There may be no absolute rules of screenwriting, but one that comes close is never to have a character say to someone leaving after an argument, “You walk out that door, you don’t come back—you understand me?” Yet that’s precisely the cliché yelled by Lemuel (Walton Goggins), a preacher in a small community somewhere in the Appalachians, to his daughter Mara (Alice Englert) toward the end of Britt Poulton and Dan Madison Savage’s debut film.
But despite that depressing miscalculation, “Them That Follow” is an intrinsically interesting film for one basic reason: Lemuel’s congregation is a fundamentalist sect that applies literally the words of Mark 16:18 “They will take up snakes in their hands, and be unharmed.” The preacher at this little ramshackle church with the white neon cross out front is a snake-handler whose followers, including Mara, also raise the rattlers toward the rafters as a sign of their absolute commitment. Of course it’s a dangerous, potentially fatal, practice, which is why the community is tucked away far from the prying eyes of the law.
Among the congregants are laid-back shepherd Zeke and his ferocious wife Hope (Jim Gaffigan and Olivia Colman), but their son, affable Augie (Thomas Mann) has fallen away from the faith, if he ever had it. He and Mara have been best friends since childhood—a friendship that has deepened significantly over the years, as it turns out. But Lemuel has decided that his daughter’s hand will go to Garrett (Lewis Pullman), an intense young man whose dedication to the church appears to be unwavering.
The love triangle is at the center of what little plot there is. Mara has a secret, and when Augie finds out about it, he returns to the church to prove his faith in the prescribed way. Of course, it does not go well, and his parents and the rest of the congregation believe that only their prayers, combined with his own belief, can save him—a sentiment the suffering Augie does not share: he asks to be taken to a hospital, a sure sign he is not a true believer. Zeke and Hope ultimately reach the same conclusion, but perhaps too late. Meanwhile Garrett learns Mara’s secret, and does not handle the revelation well. It ruptures his relationship with Lemuel, and Mara finally takes a stand for herself; thus that misguided line of his.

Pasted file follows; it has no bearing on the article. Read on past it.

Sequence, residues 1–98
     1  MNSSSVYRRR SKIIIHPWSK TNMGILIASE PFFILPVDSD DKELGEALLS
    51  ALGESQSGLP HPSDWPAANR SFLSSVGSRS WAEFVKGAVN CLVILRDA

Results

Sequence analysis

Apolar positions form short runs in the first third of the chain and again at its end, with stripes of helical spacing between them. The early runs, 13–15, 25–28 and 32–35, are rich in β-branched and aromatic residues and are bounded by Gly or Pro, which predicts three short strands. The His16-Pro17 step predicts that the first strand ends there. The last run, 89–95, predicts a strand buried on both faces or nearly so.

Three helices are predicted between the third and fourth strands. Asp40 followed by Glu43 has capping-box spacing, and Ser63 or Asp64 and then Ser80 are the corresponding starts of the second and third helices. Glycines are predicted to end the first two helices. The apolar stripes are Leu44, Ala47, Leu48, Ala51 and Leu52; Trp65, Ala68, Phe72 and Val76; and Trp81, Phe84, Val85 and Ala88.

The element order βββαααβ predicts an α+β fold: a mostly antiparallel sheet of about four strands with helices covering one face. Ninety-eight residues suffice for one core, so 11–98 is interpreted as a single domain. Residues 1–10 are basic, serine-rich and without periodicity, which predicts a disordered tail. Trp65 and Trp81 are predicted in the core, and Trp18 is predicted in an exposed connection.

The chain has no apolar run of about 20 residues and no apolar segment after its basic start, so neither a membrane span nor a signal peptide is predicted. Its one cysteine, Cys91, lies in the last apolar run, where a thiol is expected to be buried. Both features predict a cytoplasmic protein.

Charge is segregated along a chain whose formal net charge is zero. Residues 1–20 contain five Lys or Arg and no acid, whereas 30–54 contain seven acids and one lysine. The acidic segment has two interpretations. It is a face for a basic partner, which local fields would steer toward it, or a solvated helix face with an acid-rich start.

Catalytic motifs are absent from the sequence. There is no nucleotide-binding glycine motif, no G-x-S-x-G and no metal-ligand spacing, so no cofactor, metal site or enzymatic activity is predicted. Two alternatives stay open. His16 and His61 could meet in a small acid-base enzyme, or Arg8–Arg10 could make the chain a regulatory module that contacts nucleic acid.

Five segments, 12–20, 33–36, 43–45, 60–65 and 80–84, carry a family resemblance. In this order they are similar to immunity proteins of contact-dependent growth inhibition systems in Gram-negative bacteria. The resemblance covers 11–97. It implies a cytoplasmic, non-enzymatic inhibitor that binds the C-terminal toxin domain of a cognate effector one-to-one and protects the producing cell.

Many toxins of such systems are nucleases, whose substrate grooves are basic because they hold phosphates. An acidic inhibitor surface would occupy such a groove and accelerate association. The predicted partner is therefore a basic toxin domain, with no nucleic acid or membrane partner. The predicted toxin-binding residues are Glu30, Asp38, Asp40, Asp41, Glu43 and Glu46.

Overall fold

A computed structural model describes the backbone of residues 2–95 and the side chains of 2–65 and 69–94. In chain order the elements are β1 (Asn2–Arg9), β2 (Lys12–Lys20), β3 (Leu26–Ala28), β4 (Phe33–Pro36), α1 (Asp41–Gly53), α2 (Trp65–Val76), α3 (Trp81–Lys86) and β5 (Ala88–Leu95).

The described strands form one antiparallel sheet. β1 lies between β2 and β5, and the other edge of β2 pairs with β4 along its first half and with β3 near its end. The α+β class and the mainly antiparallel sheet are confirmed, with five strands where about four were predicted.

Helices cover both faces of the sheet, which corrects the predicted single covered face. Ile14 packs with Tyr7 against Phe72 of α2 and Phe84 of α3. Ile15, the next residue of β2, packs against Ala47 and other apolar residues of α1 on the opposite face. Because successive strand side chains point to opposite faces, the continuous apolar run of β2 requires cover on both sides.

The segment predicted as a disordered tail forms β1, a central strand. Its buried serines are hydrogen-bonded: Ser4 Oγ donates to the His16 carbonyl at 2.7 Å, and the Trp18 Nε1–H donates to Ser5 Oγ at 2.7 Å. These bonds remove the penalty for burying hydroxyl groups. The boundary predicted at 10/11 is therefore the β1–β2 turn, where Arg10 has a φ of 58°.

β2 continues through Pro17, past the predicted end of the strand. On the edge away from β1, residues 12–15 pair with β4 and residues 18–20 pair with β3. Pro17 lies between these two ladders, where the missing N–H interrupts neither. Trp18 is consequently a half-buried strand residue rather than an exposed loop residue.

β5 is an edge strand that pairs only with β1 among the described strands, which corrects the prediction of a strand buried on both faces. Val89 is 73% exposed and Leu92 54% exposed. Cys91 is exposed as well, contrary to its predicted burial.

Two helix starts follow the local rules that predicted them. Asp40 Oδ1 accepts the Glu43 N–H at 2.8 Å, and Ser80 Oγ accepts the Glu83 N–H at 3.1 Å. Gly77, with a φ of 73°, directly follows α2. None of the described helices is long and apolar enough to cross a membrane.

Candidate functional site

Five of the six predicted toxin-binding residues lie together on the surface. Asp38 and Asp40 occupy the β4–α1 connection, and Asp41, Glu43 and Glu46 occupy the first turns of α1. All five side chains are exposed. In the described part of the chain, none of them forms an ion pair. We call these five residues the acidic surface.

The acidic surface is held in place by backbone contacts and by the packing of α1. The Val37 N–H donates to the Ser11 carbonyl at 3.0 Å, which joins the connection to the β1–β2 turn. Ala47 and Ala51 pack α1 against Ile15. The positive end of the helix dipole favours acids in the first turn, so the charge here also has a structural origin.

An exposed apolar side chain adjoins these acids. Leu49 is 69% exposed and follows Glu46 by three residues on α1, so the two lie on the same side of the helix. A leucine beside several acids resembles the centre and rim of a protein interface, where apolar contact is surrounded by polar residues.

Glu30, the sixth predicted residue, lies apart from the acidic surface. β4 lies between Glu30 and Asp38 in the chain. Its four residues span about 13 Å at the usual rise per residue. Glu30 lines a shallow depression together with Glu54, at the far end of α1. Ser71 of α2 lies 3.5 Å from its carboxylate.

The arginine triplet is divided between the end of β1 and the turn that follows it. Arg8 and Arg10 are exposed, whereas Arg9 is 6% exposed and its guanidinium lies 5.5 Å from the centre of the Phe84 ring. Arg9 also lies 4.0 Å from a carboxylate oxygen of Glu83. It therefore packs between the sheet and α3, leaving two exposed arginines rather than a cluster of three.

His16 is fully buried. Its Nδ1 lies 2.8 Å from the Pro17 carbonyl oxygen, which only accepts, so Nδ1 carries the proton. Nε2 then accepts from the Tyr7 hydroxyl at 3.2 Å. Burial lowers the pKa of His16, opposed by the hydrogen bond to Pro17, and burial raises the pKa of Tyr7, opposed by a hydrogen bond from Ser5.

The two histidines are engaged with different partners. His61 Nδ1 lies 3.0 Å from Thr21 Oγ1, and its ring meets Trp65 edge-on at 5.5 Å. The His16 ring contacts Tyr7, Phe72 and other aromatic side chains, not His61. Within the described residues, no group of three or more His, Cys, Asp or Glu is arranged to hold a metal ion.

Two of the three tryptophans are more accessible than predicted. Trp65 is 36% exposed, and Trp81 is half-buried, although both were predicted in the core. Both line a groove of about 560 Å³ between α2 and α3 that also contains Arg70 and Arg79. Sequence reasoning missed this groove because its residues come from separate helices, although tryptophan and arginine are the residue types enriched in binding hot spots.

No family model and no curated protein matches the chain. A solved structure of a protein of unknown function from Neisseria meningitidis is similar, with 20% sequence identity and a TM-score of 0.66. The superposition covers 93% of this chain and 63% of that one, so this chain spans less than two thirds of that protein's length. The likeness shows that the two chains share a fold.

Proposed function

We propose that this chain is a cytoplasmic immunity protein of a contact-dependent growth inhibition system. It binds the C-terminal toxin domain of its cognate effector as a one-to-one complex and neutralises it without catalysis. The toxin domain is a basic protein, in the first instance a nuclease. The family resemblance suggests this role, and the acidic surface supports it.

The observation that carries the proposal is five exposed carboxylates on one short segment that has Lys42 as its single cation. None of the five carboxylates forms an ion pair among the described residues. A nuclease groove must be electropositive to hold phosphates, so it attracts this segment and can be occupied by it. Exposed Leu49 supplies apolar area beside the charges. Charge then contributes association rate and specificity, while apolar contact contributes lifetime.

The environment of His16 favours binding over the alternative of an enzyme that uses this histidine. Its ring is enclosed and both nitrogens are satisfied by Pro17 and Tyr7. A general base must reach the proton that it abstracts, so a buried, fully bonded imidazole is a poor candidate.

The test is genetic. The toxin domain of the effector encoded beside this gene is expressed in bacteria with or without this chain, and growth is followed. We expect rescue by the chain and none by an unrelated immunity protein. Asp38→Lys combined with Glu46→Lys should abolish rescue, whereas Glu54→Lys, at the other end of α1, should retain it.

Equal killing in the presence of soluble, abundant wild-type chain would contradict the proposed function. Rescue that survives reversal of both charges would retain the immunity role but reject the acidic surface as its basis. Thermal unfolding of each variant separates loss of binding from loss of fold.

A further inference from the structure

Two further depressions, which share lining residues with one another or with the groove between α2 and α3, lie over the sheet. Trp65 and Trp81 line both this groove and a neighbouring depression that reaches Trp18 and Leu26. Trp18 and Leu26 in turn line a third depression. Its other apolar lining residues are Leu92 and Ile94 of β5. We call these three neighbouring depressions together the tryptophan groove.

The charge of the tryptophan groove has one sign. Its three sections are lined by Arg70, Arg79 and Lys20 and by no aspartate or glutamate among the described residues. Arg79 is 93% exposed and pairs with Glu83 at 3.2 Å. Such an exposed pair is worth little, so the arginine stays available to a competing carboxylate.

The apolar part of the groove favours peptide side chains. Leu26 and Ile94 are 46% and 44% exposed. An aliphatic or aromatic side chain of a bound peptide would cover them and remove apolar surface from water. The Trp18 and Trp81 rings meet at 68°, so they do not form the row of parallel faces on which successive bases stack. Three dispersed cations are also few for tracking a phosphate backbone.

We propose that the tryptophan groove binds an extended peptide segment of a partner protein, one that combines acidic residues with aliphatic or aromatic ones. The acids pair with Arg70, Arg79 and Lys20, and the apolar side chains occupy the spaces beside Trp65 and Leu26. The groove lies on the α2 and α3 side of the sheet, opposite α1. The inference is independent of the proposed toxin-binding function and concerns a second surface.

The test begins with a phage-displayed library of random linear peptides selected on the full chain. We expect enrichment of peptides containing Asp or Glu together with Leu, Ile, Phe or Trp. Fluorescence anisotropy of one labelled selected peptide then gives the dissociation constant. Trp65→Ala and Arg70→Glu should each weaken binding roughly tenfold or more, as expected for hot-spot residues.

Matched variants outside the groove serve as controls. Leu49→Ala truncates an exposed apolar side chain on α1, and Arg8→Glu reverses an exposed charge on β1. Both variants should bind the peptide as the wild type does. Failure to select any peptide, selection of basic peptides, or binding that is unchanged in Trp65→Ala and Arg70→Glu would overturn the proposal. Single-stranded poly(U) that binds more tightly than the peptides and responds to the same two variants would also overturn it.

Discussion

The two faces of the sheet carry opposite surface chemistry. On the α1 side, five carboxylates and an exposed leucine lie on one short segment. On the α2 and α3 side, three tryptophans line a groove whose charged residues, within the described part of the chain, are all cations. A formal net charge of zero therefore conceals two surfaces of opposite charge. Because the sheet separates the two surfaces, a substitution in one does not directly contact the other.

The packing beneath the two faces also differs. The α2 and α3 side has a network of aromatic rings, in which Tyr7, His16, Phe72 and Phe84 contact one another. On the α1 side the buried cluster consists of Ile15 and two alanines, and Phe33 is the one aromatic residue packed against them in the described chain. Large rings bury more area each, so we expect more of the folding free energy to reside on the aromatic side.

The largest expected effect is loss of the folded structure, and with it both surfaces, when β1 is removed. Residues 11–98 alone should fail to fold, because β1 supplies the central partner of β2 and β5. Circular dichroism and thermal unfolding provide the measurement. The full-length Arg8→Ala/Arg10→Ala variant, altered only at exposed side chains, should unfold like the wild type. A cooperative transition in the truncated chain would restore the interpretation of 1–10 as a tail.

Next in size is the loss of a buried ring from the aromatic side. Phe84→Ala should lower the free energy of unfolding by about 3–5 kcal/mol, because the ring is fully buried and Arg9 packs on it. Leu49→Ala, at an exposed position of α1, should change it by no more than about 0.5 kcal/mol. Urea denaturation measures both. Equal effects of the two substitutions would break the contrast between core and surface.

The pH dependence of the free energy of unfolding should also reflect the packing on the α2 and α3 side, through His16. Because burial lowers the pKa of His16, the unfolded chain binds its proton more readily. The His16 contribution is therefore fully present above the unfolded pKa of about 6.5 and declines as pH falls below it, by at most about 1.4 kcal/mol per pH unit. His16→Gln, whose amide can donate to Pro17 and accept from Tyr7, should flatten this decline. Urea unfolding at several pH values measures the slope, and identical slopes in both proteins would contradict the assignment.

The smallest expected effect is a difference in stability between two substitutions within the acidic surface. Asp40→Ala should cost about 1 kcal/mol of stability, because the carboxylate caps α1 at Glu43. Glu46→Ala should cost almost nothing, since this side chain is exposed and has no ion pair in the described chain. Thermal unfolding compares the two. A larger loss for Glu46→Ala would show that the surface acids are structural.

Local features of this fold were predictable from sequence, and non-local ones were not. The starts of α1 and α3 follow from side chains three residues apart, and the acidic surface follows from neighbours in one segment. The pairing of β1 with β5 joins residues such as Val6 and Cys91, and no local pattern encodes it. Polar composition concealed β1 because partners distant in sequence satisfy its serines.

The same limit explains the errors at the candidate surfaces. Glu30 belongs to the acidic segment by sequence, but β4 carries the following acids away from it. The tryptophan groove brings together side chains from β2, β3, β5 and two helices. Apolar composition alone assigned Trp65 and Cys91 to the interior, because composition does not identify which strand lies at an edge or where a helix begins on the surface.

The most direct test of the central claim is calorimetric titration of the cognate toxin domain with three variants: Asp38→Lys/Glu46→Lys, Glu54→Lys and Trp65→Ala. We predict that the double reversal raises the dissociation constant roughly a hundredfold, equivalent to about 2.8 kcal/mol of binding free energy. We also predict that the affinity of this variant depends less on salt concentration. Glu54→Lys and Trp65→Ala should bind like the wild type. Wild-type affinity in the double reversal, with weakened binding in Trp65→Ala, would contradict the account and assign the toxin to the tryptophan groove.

“Them That Follows” presents a vision of a deeply insular world most viewers will barely understand, let alone sympathize with. But it doesn’t treat its characters contemptuously, and it boasts some powerful performances, particularly from Colman, who effortlessly dominates every scene she’s in (along with the other actors around her). Goggins, who also played a preacher, though of a very different stripe, on “Justified,” is as intense as ever, and Mann carries off his callow nice-boy persona effectively, as well as a prolonged suffering sequence that gives him the chance to show off a more dramatic side. Pullman makes a suitably unlikable sort. There are plenty of snakes, too, some hoisted into the air, others writhing in the sun or over people’s bodies. Their wranglers did a fine job.
As the central figure around whom the story swirls, Englert registers Mara’s generally submissive attitude effectively, but she’s hampered by the slow, gloomy approach favored by Poulson and Savage, along with their editor Joshua Raymond Lee, which keeps her mostly in so recessive a mode that it’s difficult to read her character emotionally. Kaitlyn Dever, as Mara’s sad, lonely friend Dilly, is rather more expressive. The bleak atmosphere of the stifling community is well captured in Carmen Navis’ drab production design and Brett Jutkiewicz’s slate-gray cinematography, while Garth Stevenson contributes an appropriately brooding score.
“Them That Follow”—a pretty clumsy title, both grammatically and in terms of conveying what the film is about—creates an absorbing portrait of a strange religious world, but stumbles in terms of narrative and pacing.